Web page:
The ALTRE workflow takes aligned reads and peak/hotspot calls from assays of open chromatin (e.g. ATAC-seq, DNAse-seq) and identifies regions (e.g. TSS-proximal and TSS-distal) that differ based on cell and tissue type.
ALTRE requires sample information CSV file, peak files (bed format), and alignment bam files (BAM) as input. All input files need to be in the same folder.
Workflow Steps: The order in which the functions should be used are defined below (Click on function to get more detailed information). For a detailed vignette, go to https://mathelab.github.io/ALTRE/vignette.html.
Reads in a sample information file in CSV format and outputs a data frame.
Takes in a sample information data frame (output of loadCSVFile), loads the peak files, and outputs a GRangesList object that holds all peaks for each sample type.
Takes in a GRangesList object with peaks (output from loadBedFiles in step 3), and outputs consensus peaks. Consensus peaks are those present in at least N replicates. The function outputs a list containting a GRanges object with the consensus peaks, and a dataframe with some statistics. A barplot summary of the number of consensus peaks and those in each replicate can generated with plotConsensusPeaks().
Peaks for each sample type (from the GRanges object output from previous function) are combined and annotated with type specificity (which cell types the hotspot is present in) and whether each region represented in the GRanges is TSS-proximal (default: <1500bp from a transcription start site) or TSS-distal (>1500bp from a transcription start site). The function can also merge regulatory elements that are within a specified distance from each other. This function requires the annotation of transcription start sites (e.g. to retrieve from Ensembl, run TSS <- getTSS())). To view the number and length of peaks before/after merging, use the function plotCombineAnnotatePeaks().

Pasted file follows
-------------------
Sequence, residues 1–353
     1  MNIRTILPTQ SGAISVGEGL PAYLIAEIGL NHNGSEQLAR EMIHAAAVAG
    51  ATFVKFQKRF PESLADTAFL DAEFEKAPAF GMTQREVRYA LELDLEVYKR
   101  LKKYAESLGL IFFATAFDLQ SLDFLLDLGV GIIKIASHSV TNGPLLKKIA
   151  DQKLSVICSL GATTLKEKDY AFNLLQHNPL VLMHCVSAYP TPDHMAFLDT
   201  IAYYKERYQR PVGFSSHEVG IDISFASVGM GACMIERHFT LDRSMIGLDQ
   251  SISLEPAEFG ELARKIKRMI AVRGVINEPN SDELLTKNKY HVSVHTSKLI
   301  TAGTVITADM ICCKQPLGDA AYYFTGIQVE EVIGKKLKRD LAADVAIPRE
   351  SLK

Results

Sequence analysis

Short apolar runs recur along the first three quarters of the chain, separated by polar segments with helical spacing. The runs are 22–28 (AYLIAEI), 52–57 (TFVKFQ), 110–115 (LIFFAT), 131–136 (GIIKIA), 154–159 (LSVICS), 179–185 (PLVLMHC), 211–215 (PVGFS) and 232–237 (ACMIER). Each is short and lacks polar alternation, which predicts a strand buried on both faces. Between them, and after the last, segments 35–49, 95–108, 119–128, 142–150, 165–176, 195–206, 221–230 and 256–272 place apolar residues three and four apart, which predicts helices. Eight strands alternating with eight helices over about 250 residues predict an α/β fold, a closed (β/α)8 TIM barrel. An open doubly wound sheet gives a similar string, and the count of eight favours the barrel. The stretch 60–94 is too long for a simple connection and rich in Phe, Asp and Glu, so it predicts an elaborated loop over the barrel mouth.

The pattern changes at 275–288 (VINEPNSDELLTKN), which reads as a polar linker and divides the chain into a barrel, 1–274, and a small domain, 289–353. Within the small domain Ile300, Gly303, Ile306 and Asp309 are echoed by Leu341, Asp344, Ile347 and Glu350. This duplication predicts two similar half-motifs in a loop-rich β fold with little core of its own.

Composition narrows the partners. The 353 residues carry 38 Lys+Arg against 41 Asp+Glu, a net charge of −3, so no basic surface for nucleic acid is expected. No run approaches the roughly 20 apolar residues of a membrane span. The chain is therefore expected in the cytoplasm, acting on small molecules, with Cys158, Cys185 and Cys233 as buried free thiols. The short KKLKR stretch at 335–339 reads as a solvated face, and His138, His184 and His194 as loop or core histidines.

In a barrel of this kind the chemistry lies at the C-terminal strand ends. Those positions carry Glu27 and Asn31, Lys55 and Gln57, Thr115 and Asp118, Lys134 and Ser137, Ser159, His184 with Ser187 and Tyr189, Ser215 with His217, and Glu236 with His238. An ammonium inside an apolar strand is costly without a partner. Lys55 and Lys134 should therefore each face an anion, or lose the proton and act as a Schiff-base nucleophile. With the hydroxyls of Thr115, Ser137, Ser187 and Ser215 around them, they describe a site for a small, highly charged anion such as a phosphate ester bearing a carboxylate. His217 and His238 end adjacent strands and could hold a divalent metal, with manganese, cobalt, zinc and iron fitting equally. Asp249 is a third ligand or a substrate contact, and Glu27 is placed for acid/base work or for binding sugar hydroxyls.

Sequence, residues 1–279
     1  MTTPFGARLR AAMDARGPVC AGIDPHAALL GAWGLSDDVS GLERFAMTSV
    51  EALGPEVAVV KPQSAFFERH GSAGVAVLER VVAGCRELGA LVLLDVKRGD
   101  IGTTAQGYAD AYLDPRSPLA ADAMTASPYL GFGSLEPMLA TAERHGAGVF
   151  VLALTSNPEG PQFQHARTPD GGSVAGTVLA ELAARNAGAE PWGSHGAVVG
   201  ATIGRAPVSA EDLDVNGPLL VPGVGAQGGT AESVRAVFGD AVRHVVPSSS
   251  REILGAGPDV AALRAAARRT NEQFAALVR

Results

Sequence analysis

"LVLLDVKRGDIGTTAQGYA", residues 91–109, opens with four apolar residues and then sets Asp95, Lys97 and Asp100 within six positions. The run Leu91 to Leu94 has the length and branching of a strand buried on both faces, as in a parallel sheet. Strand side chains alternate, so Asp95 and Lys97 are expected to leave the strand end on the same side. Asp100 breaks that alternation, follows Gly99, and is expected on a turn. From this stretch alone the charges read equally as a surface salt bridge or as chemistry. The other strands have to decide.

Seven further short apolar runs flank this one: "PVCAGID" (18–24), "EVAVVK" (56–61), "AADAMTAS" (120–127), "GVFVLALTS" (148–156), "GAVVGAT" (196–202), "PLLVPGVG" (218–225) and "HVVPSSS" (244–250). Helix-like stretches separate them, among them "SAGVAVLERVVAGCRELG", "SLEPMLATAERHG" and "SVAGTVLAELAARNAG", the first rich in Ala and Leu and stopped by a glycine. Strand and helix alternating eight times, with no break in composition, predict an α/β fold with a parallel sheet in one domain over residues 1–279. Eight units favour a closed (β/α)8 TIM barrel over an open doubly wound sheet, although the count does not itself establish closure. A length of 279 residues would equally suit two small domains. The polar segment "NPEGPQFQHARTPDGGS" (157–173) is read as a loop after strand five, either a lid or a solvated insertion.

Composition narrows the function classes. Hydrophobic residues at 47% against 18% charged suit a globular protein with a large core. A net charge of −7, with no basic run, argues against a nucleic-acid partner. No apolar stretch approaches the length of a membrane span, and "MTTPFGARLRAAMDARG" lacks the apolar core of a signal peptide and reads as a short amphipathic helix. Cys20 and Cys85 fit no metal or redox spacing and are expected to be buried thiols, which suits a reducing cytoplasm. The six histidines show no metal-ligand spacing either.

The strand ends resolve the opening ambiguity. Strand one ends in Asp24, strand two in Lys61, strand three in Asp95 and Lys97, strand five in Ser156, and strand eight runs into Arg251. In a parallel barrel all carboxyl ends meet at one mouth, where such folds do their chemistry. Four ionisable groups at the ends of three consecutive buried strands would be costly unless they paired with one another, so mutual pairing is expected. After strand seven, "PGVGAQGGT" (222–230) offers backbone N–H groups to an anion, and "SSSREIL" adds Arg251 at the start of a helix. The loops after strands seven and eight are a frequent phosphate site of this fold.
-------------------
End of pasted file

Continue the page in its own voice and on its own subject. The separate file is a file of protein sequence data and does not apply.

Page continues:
The number of reads overlapping annotated regulatory elements from the previous steps are counted. To view a density plot of the sizes of the regions, use the function plotGetCounts().
This function runs differential analysis, using DESeq2, to identify significantly altered regulatory elements (TSS-proximal or TSS-distal).
This function allows the user to modify cutoffs for p-values and log fold changes to define altered or shared regulatory elements. A volcano plot (log fold changes vs -log p-values), highlighting significantly altered regulatory elements, can be viewed by running the function plotCountAnalysis(). To view the distribution of counts (as FPKM) in each type of regulatory element (e.g. TSS-proximal shared/experiment-specific/reference-specific), use the function plotDistCountAnalysis().
This function compares the number of regulatory elements identified as altered or shared between two sample types. The two methods compared are: 1) using peak presence and associated intensity (e.g. amount of chromatin accessibility); 2) using peak presence only as determined by peak/hotspot caller. To visualize differences in the number of regulatory elements called as specific or shared, use the function plotCompareMethods().
runGREAT and processPathways
Determines which pathways are overrepresented in altered TSS-proximal or TSS-distal regions using GREAT. By default, Gene Ontology pathway annotations are used. To visualize the pathways that are enriched, use the function plotGREATenrich().
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